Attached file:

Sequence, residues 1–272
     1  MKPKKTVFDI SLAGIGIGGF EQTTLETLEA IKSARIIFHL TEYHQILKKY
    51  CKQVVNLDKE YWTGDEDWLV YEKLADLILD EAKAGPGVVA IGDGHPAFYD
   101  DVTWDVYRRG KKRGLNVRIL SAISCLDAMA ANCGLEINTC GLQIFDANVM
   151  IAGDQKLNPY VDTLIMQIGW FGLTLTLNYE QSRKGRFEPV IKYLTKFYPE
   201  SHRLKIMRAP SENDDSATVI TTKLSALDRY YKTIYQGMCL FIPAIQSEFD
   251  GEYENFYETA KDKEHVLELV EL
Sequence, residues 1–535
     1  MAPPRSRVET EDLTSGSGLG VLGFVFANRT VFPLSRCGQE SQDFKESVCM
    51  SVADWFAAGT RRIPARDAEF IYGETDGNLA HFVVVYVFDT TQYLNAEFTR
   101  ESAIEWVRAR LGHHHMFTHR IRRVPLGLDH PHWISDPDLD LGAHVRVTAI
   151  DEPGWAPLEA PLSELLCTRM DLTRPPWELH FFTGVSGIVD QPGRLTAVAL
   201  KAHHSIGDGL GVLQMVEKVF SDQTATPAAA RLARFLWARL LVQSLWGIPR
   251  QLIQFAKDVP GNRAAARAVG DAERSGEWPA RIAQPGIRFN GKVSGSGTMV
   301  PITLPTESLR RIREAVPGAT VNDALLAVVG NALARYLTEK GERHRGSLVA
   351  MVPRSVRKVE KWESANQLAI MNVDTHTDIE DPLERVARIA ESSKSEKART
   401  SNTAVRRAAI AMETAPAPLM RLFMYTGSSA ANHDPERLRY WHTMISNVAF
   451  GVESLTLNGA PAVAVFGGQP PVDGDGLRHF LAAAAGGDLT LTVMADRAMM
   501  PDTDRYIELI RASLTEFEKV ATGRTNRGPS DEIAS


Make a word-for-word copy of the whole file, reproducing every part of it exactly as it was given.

Sequence, residues 1–272
     1  MKPKKTVFDI SLAGIGIGGF EQTTLETLEA IKSARIIFHL TEYHQILKKY
    51  CKQVVNLDKE YWTGDEDWLV YEKLADLILD EAKAGPGVVA IGDGHPAFYD
   101  DVTWDVYRRG KKRGLNVRIL SAISCLDAMA ANCGLEINTC GLQIFDANVM
   151  IAGDQKLNPY VDTLIMQIGW FGLTLTLNYE QSRKGRFEPV IKYLTKFYPE
   201  SHRLKIMRAP SENDDSATVI TTKLSALDRY YKTIYQGMCL FIPAIQSEFD
   251  GEYENFYETA KDKEHVLELV EL
Sequence, residues 1–535
     1  MAPPRSRVET EDLTSGSGLG VLGFVFANRT VFPLSRCGQE SQDFKESVCM
    51  SVADWFAAGT RRIPARDAEF IYGETDGNLA HFVVVYVFDT TQYLNAEFTR
   101  ESAIEWVRAR LGHHHMFTHR IRRVPLGLDH PHWISDPDLD LGAHVRVTAI
   151  DEPGWAPLEA PLSELLCTRM DLTRPPWELH FFTGVSGIVD QPGRLTAVAL
   201  KAHHSIGDGL GVLQMVEKVF SDQTATPAAA RLARFLWARL LVQSLWGIPR
   251  QLIQFAKDVP GNRAAARAVG DAERSGEWPA RIAQPGIRFN GKVSGSGTMV
   301  PITLPTESLR RIREAVPGAT VNDALLAVVG NALARYLTEK GERHRGSLVA
   351  MVPRSVRKVE KWESANQLAI MNVDTHTDIE DPLERVARIA ESSKSEKART
   401  SNTAVRRAAI AMETAPAPLM RLFMYTGSSA ANHDPERLRY WHTMISNVAF
   451  GVESLTLNGA PAVAVFGGQP PVDGDGLRHF LAAAAGGDLT LTVMADRAMM
   501  PDTDRYIELI RASLTEFEKV ATGRTNRGPS DEIAS